Preparing for CECL questions during 2018 bank exams
Bankers preparing for the Financial Accounting Standards Board’s new current expected credit loss model, or CECL, have many questions about implementation, including what to expect in the way of CECL scrutiny during 2018 visits from banking examiners.
They got a glimpse of an answer in June when federal banking agencies hosted a webinar to respond to questions from community bankers about the new credit loss accounting standard. Questions asked during the webinar included what community institutions could anticipate relating to CECL during 2018 examinations and whether regulators had a standard set of expectations.
Generally, officials from the Federal Deposit Insurance Corporation, the Office of the Comptroller of the Currency and the Conference of State Bank Supervisors, responding on behalf of regulators, said that the focus of examiners will be on CECL preparation efforts.
“Please note, at this stage our focus is on information gathering and we are not examining for CECL at this time,” said Jami Flynn, director of supervisory processes for the CSBS.
Sydney Menefee, the OCC’s chief accountant, added, “Similar to the CSBS, FDIC and Fed, the OCC’s focus is CECL readiness, and we are not examining for CECL.”
John Reiger, the FDIC’s deputy chief accountant, said that community banks can expect that examiners will be interested in and asking about how institutions are progressing in their preparation for CECL. He referred to one of the Frequently Asked Questions that agencies answered in December 2016 related to how institutions should prepare for implementation. Here are 10 suggestions included in that resource that Reiger reviewed during the webinar:
1. Become familiar with the new accounting standard and educate the board of directors and appropriate institution staff about CECL and how it differs from the incurred loss methodology;
2. Determine the applicable effective date of the standard based on the PBE criteria in U.S. GAAP;
3. Determine the steps and timing needed to implement the new accounting standard;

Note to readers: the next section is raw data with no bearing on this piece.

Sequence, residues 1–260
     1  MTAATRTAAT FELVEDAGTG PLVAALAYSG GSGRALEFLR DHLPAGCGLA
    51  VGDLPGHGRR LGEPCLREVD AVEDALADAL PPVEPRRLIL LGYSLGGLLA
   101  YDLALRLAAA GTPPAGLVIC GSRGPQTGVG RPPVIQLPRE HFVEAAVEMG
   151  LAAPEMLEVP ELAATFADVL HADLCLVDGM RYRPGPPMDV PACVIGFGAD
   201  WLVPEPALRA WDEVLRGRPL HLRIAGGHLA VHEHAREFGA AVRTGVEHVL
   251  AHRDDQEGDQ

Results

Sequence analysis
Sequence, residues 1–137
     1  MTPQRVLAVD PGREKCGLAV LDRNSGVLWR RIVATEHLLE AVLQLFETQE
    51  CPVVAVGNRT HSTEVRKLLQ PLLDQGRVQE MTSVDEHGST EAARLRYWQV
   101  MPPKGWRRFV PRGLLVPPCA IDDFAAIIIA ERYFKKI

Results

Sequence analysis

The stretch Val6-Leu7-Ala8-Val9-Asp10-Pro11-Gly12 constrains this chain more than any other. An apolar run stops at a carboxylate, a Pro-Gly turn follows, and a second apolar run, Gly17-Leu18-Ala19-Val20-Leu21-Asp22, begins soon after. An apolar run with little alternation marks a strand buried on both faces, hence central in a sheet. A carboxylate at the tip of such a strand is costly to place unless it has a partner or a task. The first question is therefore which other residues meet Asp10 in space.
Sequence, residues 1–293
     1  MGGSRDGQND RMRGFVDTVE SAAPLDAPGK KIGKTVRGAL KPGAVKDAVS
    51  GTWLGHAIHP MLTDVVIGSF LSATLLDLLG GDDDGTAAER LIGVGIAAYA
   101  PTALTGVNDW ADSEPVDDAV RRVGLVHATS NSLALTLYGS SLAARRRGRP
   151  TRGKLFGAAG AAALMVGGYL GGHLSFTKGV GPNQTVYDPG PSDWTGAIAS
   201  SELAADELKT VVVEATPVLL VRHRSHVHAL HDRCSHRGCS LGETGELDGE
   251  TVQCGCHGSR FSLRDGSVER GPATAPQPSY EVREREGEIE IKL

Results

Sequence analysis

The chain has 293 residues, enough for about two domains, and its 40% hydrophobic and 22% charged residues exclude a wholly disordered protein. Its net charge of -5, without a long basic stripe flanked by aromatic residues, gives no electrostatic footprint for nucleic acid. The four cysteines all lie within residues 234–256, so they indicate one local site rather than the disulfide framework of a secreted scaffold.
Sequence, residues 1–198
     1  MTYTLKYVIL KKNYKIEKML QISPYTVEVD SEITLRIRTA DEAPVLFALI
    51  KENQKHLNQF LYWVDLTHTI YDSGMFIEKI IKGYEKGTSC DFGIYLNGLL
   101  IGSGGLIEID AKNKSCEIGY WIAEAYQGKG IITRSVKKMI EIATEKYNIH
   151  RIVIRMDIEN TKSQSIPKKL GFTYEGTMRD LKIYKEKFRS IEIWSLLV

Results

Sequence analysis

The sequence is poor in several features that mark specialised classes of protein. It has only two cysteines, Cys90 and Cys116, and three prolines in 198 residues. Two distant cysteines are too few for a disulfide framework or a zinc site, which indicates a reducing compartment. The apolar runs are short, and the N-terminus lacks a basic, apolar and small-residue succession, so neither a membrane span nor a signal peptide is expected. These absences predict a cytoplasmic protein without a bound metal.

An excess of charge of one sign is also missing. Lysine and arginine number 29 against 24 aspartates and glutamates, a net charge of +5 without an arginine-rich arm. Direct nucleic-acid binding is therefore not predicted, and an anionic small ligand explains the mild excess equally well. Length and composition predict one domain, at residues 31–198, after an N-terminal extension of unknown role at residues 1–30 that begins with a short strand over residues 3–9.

4. Identify the functional areas within the institution that should participate in the implementation of the new standard;
5. Discuss the new accounting standard with the board of directors, audit committee, industry peers, external auditors and supervisory agencies to determine how to best implement the new standard in a manner appropriate for the institution’s size and the nature, scope and risk of its lending and debt securities investment activities;
6. Review existing allowance and credit risk management practices to identify processes that can be leveraged when applying the new standard;
7. Determine the allowance estimation method or methods to be used;
8. Identify currently available data that should be maintained and consider whether any additional data may need to be collected or maintained to implement CECL. Examples of the types of data that may be needed to implement CECL include origination and maturity dates, origination par amount, initial and subsequent charge-off amounts and dates, and recovery amounts and dates by loan; and cumulative loss amounts for loans with similar risk characteristics;
9. Identify the necessary system changes to implement the new accounting standard consistent with the new standard’s requirements and the allowance estimation method or methods to be used; and
10. Evaluate and plan for the potential impact of the new accounting standard on regulatory capital.
Menefee said that as part of the OCC’s recently completed periodic monitoring at community banks, examiners discussed with supervised institutions some of the same readiness topics that Reiger mentioned. “We expect those conversations to continue,” she said.
"We have had the pleasure of helping our clients prepare for these supervisory visits,” said Garver Moore, managing director of Sageworks Advisory Group. “While examiner questions have been preparatory in nature, they have often required the institution to be planning in detail regarding critical assumptions, likely outcomes and problems that may arise."
Flynn noted that the CSBS in partnership with the FDIC and Fed has developed tools to help financial institutions plan for the eventual implementation of CECL and to help evaluate CECL preparedness.
Other training resources and materials are available to help banks and credit unions make the transition in their allowance for loan and lease losses calculations (ALLL), including complimentary webinars and whitepapers, as well as Sageworks’ series of CECL Transition Workshops, where participants receive hands-on training for tackling CECL in a practical way at their own institutions. Additional resources include a CECL Prep Guide: Implementation and CECL Methodology Webinar Series.